A bit of our fear around the discussion of race stems from how we view ourselves regarding the concept of Blackness. I say “concept” because we know that race is a social construct. It has real-world consequences for how our lives play out.
Part of the root of this stems from how we as an American society tend to do the so-called polite thing by attempting to be “colorblind” or not to see race. Colorblindness seems to function as a Catch-22 in that you say you don’t see color yet simultaneously acknowledge that color exists, creating a paradox.
I witnessed the paradox of not seeing color in teaching an undergraduate English first-year writing course while I was in my master's program. My class was reading an article about why it is so difficult to imagine a Black Superman and the difficulties within that on a social level. Usually, we had very open and honest conversations about social issues, yet there seemed to be some confusion about what to say and how to talk about this. One student said that he didn’t think race would impact Superman and that making him Black wouldn’t be strange. I asked the class what they meant by that, and they said they just don’t think about the race of superheroes. Others in the class, which was a majority white class, agreed.
I then asked them why they felt that it wouldn’t matter, and they said people would be accepting of a Black Superman if they didn’t make it about him being Black. One student explained what they meant by saying it's one thing to have a superhero be a different race, but if you make a big deal out of it, it will be a problem.
I then asked them to name an example of that being done, and they said, “well, you.” Now, at first, I was confused and quite frankly shocked that they would pick me mostly since, yes, I am Black, and I am also a real person. Though the student said I am Black, they didn’t see it as a big deal. Other students nodded their heads and agreed. I asked them how many had seen a teacher or had a teacher in their K-12 or college experience that looked like me. None raised their hand to say they had one who looked like me.
This felt in line with how we have taken a figure like Dr. Martin Luther King, Jr. and treated his holiday.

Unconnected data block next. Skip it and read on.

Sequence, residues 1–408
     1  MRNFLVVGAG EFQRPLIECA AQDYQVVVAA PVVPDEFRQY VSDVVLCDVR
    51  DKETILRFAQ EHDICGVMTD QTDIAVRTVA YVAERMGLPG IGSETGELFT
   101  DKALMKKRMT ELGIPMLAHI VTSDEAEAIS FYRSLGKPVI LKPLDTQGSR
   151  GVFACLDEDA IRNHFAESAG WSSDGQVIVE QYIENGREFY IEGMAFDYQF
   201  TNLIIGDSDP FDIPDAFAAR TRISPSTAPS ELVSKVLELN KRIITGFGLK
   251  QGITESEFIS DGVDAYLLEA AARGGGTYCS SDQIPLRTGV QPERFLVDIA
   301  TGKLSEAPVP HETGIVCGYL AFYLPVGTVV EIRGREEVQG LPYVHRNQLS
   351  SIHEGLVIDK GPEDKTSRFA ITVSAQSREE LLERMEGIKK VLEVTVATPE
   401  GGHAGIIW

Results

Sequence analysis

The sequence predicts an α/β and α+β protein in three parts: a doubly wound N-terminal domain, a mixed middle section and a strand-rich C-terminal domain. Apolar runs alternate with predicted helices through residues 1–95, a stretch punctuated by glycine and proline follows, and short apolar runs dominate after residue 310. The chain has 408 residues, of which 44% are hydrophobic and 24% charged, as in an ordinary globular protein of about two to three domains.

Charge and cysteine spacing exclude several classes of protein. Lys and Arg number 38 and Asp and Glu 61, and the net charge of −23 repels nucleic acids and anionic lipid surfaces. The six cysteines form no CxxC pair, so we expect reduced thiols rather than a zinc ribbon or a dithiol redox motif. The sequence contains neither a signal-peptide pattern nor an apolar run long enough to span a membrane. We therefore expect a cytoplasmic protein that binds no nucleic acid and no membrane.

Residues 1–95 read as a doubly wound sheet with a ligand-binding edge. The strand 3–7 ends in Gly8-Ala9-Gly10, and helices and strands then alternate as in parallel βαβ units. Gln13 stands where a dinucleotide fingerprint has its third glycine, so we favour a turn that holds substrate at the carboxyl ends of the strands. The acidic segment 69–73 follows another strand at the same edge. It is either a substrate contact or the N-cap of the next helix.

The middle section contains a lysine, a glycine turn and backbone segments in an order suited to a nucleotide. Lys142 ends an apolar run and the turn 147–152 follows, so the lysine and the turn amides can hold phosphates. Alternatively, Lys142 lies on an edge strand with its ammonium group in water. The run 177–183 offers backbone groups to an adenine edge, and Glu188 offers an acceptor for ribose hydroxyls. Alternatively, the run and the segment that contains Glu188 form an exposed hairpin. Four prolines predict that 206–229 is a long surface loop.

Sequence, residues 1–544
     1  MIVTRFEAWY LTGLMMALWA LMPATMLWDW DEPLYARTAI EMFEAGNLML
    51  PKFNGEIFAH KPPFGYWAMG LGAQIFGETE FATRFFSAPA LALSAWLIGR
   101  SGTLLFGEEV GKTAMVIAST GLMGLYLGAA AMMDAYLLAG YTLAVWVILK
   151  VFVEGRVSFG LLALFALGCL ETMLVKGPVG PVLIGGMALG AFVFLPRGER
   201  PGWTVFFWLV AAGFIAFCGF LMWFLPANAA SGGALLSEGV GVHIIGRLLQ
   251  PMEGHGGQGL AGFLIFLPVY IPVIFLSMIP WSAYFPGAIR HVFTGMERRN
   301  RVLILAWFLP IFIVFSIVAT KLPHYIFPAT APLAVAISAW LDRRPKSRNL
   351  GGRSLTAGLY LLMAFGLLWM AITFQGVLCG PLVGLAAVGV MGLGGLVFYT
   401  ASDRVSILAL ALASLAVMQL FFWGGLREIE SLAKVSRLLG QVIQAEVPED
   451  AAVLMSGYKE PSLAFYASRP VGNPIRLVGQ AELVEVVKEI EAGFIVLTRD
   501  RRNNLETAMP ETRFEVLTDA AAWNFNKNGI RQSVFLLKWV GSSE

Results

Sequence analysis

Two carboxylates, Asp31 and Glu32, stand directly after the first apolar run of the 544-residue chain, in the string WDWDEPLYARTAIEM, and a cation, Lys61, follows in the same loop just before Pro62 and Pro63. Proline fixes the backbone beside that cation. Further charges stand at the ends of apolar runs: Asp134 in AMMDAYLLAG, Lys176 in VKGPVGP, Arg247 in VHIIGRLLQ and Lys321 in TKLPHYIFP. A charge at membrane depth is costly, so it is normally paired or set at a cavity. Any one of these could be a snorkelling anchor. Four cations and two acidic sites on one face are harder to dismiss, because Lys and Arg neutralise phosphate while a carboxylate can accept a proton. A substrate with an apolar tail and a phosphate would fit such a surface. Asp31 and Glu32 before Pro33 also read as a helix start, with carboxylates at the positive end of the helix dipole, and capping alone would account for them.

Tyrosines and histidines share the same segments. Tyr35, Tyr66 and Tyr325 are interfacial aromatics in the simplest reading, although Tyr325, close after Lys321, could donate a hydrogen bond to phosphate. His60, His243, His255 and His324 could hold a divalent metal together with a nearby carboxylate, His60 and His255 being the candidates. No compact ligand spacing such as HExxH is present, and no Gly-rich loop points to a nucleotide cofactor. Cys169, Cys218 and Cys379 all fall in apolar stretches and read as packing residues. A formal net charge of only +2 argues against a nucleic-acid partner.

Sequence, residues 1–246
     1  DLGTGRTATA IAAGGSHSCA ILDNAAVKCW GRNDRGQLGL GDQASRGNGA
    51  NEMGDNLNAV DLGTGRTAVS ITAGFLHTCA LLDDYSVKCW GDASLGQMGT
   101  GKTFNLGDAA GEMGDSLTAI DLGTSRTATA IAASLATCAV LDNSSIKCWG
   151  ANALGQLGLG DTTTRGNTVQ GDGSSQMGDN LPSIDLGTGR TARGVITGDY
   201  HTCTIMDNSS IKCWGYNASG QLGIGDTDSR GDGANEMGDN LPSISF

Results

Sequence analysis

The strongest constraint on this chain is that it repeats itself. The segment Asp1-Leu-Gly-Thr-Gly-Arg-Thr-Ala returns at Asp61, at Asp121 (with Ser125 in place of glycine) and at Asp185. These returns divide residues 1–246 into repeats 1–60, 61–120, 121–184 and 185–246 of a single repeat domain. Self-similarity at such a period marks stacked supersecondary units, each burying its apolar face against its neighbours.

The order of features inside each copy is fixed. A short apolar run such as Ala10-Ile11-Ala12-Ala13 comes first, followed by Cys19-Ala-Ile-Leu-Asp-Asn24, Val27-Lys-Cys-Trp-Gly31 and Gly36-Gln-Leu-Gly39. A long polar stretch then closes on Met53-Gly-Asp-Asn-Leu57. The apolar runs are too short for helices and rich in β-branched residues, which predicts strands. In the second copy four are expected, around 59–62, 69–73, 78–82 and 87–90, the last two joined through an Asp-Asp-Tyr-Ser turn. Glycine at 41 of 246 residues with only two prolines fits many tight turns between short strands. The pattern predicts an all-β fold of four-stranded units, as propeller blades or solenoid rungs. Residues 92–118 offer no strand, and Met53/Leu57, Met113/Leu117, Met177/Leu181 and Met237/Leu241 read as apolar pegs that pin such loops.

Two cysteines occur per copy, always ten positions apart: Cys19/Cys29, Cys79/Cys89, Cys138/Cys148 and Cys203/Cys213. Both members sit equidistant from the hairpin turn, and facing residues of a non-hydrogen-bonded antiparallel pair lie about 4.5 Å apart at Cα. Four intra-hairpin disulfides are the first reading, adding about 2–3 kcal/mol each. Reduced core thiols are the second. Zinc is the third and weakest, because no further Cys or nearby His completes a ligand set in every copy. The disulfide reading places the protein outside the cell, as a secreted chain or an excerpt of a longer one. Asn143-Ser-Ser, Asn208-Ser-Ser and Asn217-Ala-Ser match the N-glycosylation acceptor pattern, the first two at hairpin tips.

We – and by we, I mostly mean white America – see Dr. King at this point as a figure who was about not seeing race, or being colorblind. This perception of Dr. King can be seen in the fact that even at the school where I was teaching, they treated Dr. Martin Luther King Jr. Day as a day to work helping others to strive not to look at differences. Dr. King was committed to seeing racial equality, as seen in his letters from the Birmingham jail. In this letter, Dr. King calls for changing hearts and minds.
I believe Dr. King would have wanted us as a society to commit to this. During this upcoming holiday, I would ask us to think about how we are talking about race, and how we are seeing others who are different from us. We can choose to continue the great work Dr. Martin Luther King, Jr. started for us.
Please join us for the Town of Paradise Valley Dr. Martin Luther King Celebration on Jan. 15 at 11 a.m.
Christian Farrior is an English (Literature) doctoral student at Arizona State University. His research interests lie within 20th-century African-American literature and Early Modern British Renaissance texts. Christian was chosen as a recipient of the Presidential Graduate Assistantship for his doctorate studies. Christian focuses his writing on connecting and building dialogue to bridge the connection of racial representations between early Modern English text and 20th-century African-American text in hopes of illuminating interracial dynamics and learned behaviors that have been culturally passed down and what they tell us about our past, present, and future regarding race.
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